Earlier this week, Francisco Sagasti was sworn as the new president of Peru. He is the 87th president in the country’s 200-year history, the fourth president in the current five-year presidential term, and the third president in a week.
The unusual chain of events that led to Sagasti’s presidency comprise one of Peru’s biggest political crises in recent history. On Monday, November 9th, Congress voted to remove President Martín Vizcarra for “moral incapacity” and appointed the president of Congress, Manuel Merino, to serve as interim president. This move incensed the Peruvian public; Vizcarra had enjoyed a public approval rating of nearly 60% even after Peru suffered one of the worst Covid-19 outbreaks in the world. Peruvians took to the streets, protesting Vizcarra’s removal and demanding the resignation of Merino, who was the driving force behind the impeachment proceedings. Police violence against protestors left two dead, more than forty missing, and at least ninety injured. Merino resigned five days into his tenure, and Congress named Sagasti – one of the minority of Congressmen who voted against Vizcarra’s impeachment – as interim president until the April 2021 elections.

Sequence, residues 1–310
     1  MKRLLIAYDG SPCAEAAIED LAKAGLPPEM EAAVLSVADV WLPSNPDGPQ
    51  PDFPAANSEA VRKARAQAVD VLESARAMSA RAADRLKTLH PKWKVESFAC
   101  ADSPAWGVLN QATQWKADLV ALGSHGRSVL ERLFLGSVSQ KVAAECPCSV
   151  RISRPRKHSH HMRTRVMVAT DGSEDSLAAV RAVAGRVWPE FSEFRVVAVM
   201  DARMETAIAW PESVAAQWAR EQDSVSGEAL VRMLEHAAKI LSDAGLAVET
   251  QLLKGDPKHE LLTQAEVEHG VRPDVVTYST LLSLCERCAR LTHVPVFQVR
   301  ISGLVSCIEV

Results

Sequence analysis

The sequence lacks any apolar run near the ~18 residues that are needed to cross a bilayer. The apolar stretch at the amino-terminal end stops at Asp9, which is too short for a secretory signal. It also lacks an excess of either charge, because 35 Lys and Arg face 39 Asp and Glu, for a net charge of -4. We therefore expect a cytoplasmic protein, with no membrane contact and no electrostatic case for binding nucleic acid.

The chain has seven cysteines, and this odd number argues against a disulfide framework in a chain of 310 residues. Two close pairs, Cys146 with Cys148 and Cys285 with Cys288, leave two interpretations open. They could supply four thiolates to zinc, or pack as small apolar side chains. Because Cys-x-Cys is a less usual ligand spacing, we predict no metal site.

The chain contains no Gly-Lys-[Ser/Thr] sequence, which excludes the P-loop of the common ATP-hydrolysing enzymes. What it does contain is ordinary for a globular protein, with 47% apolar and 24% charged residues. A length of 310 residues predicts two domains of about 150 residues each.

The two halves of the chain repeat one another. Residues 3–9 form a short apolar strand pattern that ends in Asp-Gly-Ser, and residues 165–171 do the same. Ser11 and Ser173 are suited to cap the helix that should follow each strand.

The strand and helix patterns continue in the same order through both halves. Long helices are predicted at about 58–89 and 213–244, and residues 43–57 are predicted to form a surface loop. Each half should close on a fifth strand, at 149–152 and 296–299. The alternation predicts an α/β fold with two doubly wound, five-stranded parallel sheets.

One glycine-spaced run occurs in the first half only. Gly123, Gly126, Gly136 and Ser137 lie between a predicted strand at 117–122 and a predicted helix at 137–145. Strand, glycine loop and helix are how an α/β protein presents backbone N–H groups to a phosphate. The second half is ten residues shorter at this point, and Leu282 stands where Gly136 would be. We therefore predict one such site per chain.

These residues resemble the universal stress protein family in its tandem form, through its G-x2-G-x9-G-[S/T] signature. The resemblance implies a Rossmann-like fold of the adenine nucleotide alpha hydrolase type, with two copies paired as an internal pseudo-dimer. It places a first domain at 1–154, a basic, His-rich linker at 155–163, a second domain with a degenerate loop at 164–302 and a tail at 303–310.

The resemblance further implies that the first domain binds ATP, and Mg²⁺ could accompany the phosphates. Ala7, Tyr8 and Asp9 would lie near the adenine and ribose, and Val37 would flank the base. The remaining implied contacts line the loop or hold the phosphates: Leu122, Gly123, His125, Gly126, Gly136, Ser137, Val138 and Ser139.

This crisis represents the culmination of several growing tensions in Peruvian political life, including an increasingly antagonistic relationship between the executive and legislative branches, a widespread rejection of the political establishment and embrace of populism, and the enormous toll of COVID-19. But no issue is more central to this story than that of endemic corruption. Indeed, the intractable problem of corruption in Peru has been largely responsible for the current political crisis.